Changeset 6d7a4d2 in rtems-docs


Ignore:
Timestamp:
Jun 17, 2016, 5:05:41 AM (3 years ago)
Author:
Chris Johns <chrisj@…>
Branches:
4.11, master
Children:
86518bd
Parents:
54514fe
Message:

Update the BSP howto.

Closes #2590.

Location:
bsp_howto
Files:
21 edited

Legend:

Unmodified
Added
Removed
  • bsp_howto/ada95_interrupt.rst

    r54514fe r6d7a4d2  
    11.. comment SPDX-License-Identifier: CC-BY-SA-4.0
     2
     3.. COMMENT: COPYRIGHT (c) 1988-2008.
     4.. COMMENT: On-Line Applications Research Corporation (OAR).
     5.. COMMENT: All rights reserved.
    26
    37Ada95 Interrupt Support
     
    711============
    812
    9 This chapter describes what is required to enable Ada interrupt
    10 and error exception handling when using GNAT over RTEMS.
     13This chapter describes what is required to enable Ada interrupt and error
     14exception handling when using GNAT over RTEMS.
    1115
    12 The GNAT Ada95 interrupt support RTEMS was developed by
    13 Jiri Gaisler <jgais@ws.estec.esa.nl> who also wrote this
    14 chapter.
     16The GNAT Ada95 interrupt support RTEMS was developed by Jiri Gaisler
     17<jgais@ws.estec.esa.nl> who also wrote this chapter.
    1518
    1619Mapping Interrupts to POSIX Signals
    1720===================================
    1821
    19 In Ada95, interrupts can be attached with the interrupt_attach pragma.
    20 For most systems, the gnat run-time will use POSIX signal to implement
    21 the interrupt handling, mapping one signal per interrupt. For interrupts
    22 to be propagated to the attached Ada handler, the corresponding signal
    23 must be raised when the interrupt occurs.
     22In Ada95, interrupts can be attached with the interrupt_attach pragma.  For
     23most systems, the gnat run-time will use POSIX signal to implement the
     24interrupt handling, mapping one signal per interrupt. For interrupts to be
     25propagated to the attached Ada handler, the corresponding signal must be raised
     26when the interrupt occurs.
    2427
    25 The same mechanism is used to generate Ada error exceptions.
    26 Three error exceptions are defined: program, constraint and storage
    27 error. These are generated by raising the predefined signals: SIGILL,
    28 SIGFPE and SIGSEGV. These signals should be raised when a spurious
    29 or erroneous trap occurs.
     28The same mechanism is used to generate Ada error exceptions.  Three error
     29exceptions are defined: program, constraint and storage error. These are
     30generated by raising the predefined signals: SIGILL, SIGFPE and SIGSEGV. These
     31signals should be raised when a spurious or erroneous trap occurs.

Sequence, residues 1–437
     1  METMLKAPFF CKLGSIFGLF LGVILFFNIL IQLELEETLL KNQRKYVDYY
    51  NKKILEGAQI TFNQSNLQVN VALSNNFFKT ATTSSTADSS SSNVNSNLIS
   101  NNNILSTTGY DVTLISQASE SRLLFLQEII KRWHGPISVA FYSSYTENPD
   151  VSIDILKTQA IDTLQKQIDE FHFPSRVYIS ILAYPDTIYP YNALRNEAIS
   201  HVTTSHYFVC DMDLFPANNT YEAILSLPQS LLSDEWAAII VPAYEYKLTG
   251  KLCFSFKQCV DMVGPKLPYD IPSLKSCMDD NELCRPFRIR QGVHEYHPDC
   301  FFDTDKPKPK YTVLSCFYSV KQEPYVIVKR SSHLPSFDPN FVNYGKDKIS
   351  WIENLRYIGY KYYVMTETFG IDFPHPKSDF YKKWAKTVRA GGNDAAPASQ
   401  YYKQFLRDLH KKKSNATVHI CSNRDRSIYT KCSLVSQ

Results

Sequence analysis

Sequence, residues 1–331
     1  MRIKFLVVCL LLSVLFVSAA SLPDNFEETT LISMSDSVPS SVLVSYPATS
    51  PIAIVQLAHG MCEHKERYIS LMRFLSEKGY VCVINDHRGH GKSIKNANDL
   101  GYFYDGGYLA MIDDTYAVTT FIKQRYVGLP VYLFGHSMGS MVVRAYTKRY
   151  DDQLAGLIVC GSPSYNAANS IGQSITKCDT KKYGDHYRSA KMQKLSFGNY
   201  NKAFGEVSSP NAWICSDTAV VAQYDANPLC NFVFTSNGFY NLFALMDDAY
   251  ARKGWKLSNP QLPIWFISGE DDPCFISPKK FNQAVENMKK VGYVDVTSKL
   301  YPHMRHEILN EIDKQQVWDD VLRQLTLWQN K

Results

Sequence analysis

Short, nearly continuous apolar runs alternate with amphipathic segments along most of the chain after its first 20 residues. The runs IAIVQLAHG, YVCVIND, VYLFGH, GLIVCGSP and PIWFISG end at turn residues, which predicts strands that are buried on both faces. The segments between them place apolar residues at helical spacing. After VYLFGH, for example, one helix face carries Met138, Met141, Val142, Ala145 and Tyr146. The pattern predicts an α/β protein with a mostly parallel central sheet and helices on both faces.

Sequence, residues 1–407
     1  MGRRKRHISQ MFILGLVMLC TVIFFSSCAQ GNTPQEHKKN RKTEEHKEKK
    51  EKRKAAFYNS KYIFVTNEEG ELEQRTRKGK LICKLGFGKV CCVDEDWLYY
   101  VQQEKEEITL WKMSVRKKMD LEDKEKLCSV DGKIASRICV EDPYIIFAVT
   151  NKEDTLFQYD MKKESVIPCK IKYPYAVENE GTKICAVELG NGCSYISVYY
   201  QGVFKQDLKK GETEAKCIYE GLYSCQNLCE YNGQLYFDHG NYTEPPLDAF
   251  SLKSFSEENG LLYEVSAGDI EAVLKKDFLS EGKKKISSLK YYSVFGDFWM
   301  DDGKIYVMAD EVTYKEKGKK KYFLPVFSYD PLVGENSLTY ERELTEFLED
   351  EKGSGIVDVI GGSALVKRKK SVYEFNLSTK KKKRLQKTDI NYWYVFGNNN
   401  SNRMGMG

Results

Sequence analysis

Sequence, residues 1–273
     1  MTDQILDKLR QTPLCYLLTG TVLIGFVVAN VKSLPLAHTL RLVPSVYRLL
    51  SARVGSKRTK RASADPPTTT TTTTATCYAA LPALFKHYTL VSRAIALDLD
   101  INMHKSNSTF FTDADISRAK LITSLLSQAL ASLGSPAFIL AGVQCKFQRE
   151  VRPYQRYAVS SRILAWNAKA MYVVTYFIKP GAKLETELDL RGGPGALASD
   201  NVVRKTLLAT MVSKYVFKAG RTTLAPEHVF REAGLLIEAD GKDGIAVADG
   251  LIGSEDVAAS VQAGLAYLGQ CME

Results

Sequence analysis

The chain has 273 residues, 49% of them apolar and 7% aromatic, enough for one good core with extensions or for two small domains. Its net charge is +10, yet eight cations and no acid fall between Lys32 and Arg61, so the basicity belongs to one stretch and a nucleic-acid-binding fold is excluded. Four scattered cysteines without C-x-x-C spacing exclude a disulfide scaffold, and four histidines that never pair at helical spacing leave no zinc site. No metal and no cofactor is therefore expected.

3032
    31 To enable gnat interrupt and error exception support for a particular
    32 BSP, the following has to be done:
     33To enable gnat interrupt and error exception support for a particular BSP, the
     34following has to be done:
    3335
    34 # Write an interrupt/trap handler that will raise the corresponding
    35   signal depending on the interrupt/trap number.
     36- Write an interrupt/trap handler that will raise the corresponding signal
     37  depending on the interrupt/trap number.
    3638
    37 # Install the interrupt handler for all interrupts/traps that will be
    38   handled by gnat (including spurious).
     39- Install the interrupt handler for all interrupts/traps that will be handled
     40  by gnat (including spurious).
    3941
    40 # At startup, gnat calls ``__gnat_install_handler()``. The BSP
    41   must provide this function which installs the interrupt/trap handlers.
     42- At startup, gnat calls ``__gnat_install_handler()``. The BSP must provide
     43  this function which installs the interrupt/trap handlers.
    4244
    43 Which CPU-interrupt will generate which signal is implementation
    44 defined. There are 32 POSIX signals (1 - 32), and all except the
    45 three error signals (SIGILL, SIGFPE and SIGSEGV) can be used. I
    46 would suggest to use the upper 16 (17 - 32) which do not
    47 have an assigned POSIX name.
     45Which CPU-interrupt will generate which signal is implementation defined. There
     46are 32 POSIX signals (1 - 32), and all except the three error signals (SIGILL,
     47SIGFPE and SIGSEGV) can be used. I would suggest to use the upper 16 (17 - 32)
     48which do not have an assigned POSIX name.
    4849
    49 Note that the pragma interrupt_attach will only bind a signal
    50 to a particular Ada handler - it will not unmask the
    51 interrupt or do any other things to enable it. This have to be
    52 done separately, typically by writing various device register.
     50Note that the pragma interrupt_attach will only bind a signal to a particular
     51Ada handler - it will not unmask the interrupt or do any other things to enable
     52it. This have to be done separately, typically by writing various device
     53register.
    5354
    5455Example Ada95 Interrupt Program
    5556===============================
    5657
    57 An example program (``irq_test``) is included in the
    58 Ada examples package to show how interrupts can be handled
    59 in Ada95. Note that generation of the test interrupt
    60 (``irqforce.c``) is BSP specific and must be edited.
     58An example program (``irq_test``) is included in the Ada examples package to